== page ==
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Archive for the ‘The village’ Category

Time to take the fish to market.

Microfinance depends vitally on a modern cultural value that drives the global economy: the time-value of money. Microfinance practices work where this value is already well developed. The poorest parts of the world, almost by definition, are those where this value is not well understood.

Take Lawino for example: (more…)

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As observed by communications theorist Walter Ong, villagers in oral communities often don’t trust written text.

Ong cites a study of community decision-making from 12th century England. (Orality and Literacy, p. 95). Writing already had a long history in England, (more…)

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In 2002 I visited Ashrai, an NGO in northwest Bangladesh that was forming savings-financed ‘self-help groups’ among some of the world’s poorest women. I was referred to Ashrai by Stuart Rutherford, and I was writing an article about them for a microfinance journal.

Empowering women?

Picture this: it is mid-day in a Naogaon village, and a group of 20 women are seated in a loose square on woven bamboo mats. Clean, brightly coloured saris are draped over their shoulders, and flow down their legs.

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Cash? Can I take it in lumber, please?

A number of mobile banking experts have been envisioning the ‘cash-less village’, in which villagers pay for groceries and services on their mobile phones. But, in his book Predictably Irrational, Dan Ariely, a behavioural economist at Duke University, shows how the degree of abstraction of our currency can lead us to experience greater and greater distance from our ethical values, increasing moral hazard.

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Quietly watching us.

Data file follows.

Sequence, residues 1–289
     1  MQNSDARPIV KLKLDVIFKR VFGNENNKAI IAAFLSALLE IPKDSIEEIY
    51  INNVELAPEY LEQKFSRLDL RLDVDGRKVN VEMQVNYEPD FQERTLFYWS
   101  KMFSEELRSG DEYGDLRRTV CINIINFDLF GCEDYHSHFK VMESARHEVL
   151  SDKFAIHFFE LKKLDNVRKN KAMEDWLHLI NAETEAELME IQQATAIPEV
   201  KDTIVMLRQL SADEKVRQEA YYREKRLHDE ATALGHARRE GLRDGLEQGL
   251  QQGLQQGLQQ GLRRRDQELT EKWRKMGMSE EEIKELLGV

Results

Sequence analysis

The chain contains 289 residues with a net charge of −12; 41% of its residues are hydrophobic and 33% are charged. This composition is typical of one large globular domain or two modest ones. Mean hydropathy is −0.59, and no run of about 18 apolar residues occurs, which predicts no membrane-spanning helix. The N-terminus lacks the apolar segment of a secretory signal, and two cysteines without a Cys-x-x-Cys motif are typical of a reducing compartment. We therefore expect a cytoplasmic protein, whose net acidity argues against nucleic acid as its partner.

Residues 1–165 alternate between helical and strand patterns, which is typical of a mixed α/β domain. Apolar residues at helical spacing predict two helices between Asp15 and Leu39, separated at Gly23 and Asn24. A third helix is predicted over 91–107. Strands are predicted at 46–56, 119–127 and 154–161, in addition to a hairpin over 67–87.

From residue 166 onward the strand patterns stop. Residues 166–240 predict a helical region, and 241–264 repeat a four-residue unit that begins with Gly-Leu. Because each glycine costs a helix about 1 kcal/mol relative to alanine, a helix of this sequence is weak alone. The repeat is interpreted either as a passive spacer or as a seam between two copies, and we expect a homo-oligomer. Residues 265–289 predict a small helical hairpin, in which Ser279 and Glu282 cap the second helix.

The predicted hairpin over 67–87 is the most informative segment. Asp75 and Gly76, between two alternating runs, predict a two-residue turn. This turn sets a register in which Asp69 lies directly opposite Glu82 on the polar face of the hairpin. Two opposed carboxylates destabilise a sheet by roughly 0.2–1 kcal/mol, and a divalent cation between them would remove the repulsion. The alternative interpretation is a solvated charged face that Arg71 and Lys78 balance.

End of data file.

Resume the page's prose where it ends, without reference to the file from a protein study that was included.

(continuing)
Imagine if, each morning as you pulled out of your driveway, you were touched by the gaze of the same child, watching you from the sidewalk. Her gaze is as open and undemanding as the earth, and as curious and deeply conscious as any you’ve received from your own children. She is also visibly poverty-stricken.

I took this photo while visiting a small village bank in Cambodia. Whenever foreigners enter a village there, curious children gather to watch. These two stood quietly on the fringe of my meetings with the village adults for over an hour. (more…)

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Poor villagers in the developing world are a distinctive, underserved microfinance segment. There are nearly a billion rural people who make less than $1.25 a day, and most are illiterate or marginally literate, so microfinance documents are inaccessible to them.

There are three widely neglected factors that make rural microfinance fundamentally different from urban microfinance. (more…)

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Rural villages in the developing world are oral cultures; that is cultures in which the technologies of literacy (especially writing and print) are unfamiliar to most people.

Kraing Tbong Village Bank, Takeo

A village bank in Cambodia

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